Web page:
That leaves me only one solution, he said. His laughter leaked out, despite his effort to stop it.

    What’s that?

    He recaptured his phone and extended his hand. James Davis.

    She stared at his fingers then offered her own. September Blessing.

    September Blessing? What kind of name was that?

    She smiled at last. You can guess when I was born.

    September, obviously.

    And, yes, my last name is really Blessing. But why are we introducing ourselves?

    Shouldn’t we? he asked.

    She retracted her hand and set it in her lap.

    The microwave beeped again, and he stood, retrieving the pie. Snagging a fork from the silverware bin, he deposited both in front of her.

    She poked at the crust, peeling it back and stirring the contents around. So we have now, she said, a forkful poised in front of her mouth. Why does that matter?

    He stood again and walked over to the refrigerator. Soda? he asked.

    She nodded, and he brought her a can, opening the top. She took a swig, her eyes fastened on his over the aluminum lid.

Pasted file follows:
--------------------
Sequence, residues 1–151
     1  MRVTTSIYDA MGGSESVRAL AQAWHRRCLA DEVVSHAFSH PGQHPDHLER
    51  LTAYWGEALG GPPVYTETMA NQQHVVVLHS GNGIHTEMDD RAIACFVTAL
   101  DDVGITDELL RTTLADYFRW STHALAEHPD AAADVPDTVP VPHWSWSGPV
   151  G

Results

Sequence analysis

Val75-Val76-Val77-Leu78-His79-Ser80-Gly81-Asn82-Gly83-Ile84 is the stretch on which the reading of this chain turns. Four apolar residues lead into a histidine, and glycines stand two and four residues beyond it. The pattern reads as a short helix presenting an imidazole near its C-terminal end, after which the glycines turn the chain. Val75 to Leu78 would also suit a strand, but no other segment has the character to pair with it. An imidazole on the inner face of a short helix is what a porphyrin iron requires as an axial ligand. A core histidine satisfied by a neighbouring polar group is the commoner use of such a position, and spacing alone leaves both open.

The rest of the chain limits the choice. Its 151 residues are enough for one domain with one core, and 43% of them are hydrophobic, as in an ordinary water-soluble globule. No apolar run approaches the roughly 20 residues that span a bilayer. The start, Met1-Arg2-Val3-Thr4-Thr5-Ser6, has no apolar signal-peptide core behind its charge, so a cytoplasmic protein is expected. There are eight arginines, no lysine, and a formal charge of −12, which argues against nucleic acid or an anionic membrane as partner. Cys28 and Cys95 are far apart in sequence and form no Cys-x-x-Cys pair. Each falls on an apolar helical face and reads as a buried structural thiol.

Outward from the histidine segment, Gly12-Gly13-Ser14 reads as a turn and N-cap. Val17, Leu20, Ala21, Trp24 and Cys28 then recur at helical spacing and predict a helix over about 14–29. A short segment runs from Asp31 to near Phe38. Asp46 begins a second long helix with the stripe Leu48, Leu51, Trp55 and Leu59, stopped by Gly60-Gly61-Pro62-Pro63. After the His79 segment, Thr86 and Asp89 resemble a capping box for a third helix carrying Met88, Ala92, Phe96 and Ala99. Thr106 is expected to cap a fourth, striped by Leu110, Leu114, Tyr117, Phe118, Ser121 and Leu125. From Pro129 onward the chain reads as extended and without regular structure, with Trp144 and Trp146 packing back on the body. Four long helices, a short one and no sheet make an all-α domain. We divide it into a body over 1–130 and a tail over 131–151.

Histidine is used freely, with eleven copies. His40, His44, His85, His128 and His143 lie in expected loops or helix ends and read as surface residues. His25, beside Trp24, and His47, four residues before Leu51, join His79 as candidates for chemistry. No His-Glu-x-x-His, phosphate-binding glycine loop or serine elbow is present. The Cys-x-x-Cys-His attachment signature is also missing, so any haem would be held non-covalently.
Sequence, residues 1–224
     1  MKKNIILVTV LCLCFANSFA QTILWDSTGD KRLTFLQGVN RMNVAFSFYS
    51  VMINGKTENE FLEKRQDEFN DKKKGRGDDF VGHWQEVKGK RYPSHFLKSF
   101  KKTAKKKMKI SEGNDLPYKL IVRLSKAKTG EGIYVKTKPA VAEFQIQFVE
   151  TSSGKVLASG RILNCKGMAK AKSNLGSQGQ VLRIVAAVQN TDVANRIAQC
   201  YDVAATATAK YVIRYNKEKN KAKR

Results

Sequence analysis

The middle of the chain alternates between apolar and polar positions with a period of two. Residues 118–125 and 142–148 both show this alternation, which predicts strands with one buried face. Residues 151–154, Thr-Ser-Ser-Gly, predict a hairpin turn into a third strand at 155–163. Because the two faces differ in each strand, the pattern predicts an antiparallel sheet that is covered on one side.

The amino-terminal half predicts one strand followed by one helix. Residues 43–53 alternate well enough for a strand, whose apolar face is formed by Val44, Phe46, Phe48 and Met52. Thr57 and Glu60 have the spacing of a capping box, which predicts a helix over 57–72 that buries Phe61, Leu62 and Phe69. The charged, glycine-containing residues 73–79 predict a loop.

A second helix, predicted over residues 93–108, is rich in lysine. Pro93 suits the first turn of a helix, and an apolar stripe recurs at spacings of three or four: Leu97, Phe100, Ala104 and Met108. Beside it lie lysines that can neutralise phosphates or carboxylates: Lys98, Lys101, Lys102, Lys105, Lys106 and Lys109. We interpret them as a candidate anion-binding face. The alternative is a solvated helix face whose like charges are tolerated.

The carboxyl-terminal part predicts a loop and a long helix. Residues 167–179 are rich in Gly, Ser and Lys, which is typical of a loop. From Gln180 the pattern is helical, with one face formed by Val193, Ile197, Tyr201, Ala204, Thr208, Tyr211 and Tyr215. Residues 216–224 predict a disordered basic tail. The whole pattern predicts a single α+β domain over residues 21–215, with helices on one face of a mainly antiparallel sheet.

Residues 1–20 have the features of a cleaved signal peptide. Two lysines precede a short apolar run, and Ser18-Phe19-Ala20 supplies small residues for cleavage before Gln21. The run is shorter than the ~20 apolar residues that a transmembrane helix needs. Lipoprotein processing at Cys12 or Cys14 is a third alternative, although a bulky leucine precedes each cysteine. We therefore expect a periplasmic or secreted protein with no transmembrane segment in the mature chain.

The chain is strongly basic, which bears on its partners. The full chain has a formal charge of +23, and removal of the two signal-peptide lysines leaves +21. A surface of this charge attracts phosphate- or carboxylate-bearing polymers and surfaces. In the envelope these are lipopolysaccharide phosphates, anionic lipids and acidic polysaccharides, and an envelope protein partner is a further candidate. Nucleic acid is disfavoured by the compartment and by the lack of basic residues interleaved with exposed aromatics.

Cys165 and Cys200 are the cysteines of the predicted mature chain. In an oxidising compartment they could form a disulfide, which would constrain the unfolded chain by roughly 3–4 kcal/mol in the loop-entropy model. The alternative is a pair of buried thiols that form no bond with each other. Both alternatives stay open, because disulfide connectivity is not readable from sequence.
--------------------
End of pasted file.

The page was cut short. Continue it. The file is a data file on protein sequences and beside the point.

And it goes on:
He grinned and answered her at last. I figure any girl I’m going to take home with me I ought to know her name.

    I HAD TWO HOURS TO think about the modification of my day, two hours to reprimand myself over my stupidity and wonder if I should, in fact, take James up on his offer. A girl did not go home with a guy she’d just met.

    Forget he was nice. And employed. And saving me from complete embarrassment. He could be a weirdo-pervert of some sort. An extremely good looking one if that was the case. Who’d graduated from high school, I reminded myself. How bad could he be if he accomplished that?

    In the end, I didn’t have a choice and so whiled away the time until three when he reappeared, keys in his hand.

    You ready? he asked.

    It was on the tip of my tongue to say no, but I didn’t. At least, not until we were standing six feet from his motorcycle.


    His brows rose. No?

    It’s a motorcycle. We can’t both ride on that.

    Sure we can, he said. You hop on behind me and hang on.

    To what?

    His smile returned. He really had a nice one, and it all but blinded me for a moment.

    To me, unless I’m objectionable?

    No, no objections. I curled my lip between my teeth. There’s only one helmet, I said.

    You can wear it if you want.

    But that seemed wrong. It was his bike, and he’d be eating bugs and dirt and who knew what else as a result. I, on the other hand, would have